As City Councilor and Chair of the Task Force, Chuck Bennett, said, “Nobody really gets free parking.Somehow it all has to be paid for.”And the Salem Downtown Partnership says,
The City of Salem is our partner to help us achieve the best shopping, dining, art and entertainment experience for our customers. Unfortunately, the City is $4 million behind in maintenance on the three downtown parking garages, Chemeketa, Liberty and Marion.the recent letter to the editor could easily reflect the reality of the $4 million deficit and other subsidies for parking!
It is upsetting that tax dollars are spend to accomodate car parkers. They don't pay a penny for using all the amenities that have been implemented just for them. If they paid a parking fee, at least they would be paying something. It is not fair to the rest of us to pay their way.More seriously, the Partnership is holding a meeting for downtown businesses on Wednesday to discuss parking and its funding, and hopefully the conversation will generate creative ideas on ways to balance downtown's current dependence on free parking with the need to transition to different parking strategies. Most importantly, with luck the conversation can shift from the temporary free storage of cars to the mobility of people, people who might choose to use cars and people who might choose other means.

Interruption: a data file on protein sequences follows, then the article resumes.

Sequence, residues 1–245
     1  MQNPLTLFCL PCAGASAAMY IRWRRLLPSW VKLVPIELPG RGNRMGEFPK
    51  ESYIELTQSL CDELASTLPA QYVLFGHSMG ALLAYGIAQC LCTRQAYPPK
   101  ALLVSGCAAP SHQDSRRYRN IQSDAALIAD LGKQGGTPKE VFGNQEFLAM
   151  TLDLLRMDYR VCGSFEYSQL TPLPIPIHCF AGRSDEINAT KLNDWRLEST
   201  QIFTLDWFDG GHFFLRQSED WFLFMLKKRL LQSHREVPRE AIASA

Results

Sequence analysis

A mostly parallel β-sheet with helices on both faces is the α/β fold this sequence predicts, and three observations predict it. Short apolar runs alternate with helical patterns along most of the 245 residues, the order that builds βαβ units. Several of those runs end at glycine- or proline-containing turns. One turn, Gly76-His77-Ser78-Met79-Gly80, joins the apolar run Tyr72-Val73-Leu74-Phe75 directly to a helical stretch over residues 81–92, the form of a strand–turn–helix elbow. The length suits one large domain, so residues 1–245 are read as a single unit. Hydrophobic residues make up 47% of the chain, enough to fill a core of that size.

|If 85% is the magic threshold,|
maybe there's too much parking?
Bikes should be part of the solution. By investing in high quality bike facilities, more people will bike downtown - will be comfortable and feel it is a realistic option - reducing congestion and the perceived need for car parking. The same can be said for walking and transit. There's a distinct possibility for addition-by-subtraction here!
If one strategy is to manage supply, another is to manage demand - we should be investing in things that get people downtown and reduce the demand for free car storage downtown, rather than investing in increasing the supply of free car storage.
Most people have no idea of the richness of the visual landscape in the downtown area of Salem right now — you simply can’t see it very well if you are just whizzing by in a car....If you are in a car, you probably only notice the street construction delays and the hassles of finding a parking place.
When I think about cities that were born in an era before cars, what strikes me is that people took care to have interesting things to look at along the way. There are statues. Buildings have striking architectural features. There are places of greenery and flowers in tiny window boxes and larger pocket parks. There are places to sit for awhile. Cities like that grow and change and many have survived for hundreds of years. Those features that we might think of as costly “extras,” such as art or landscaping, may actually be at the core of economic vitality and longevity in a city.
Downtown is the heart of our city where our identity should be strong. We need to imagine downtown Salem where the alleys aren’t ill-kept passages people avoid but are instead pedestrian pathways with sculptures on display. Imagine the alleys vibrant with art painted on the sides of the buildings and flowers and greenery hanging above. The alleys could make downtown so much more friendly to bicycles and pedestrians and we could make the alleys feel like a walking tour of an art installation.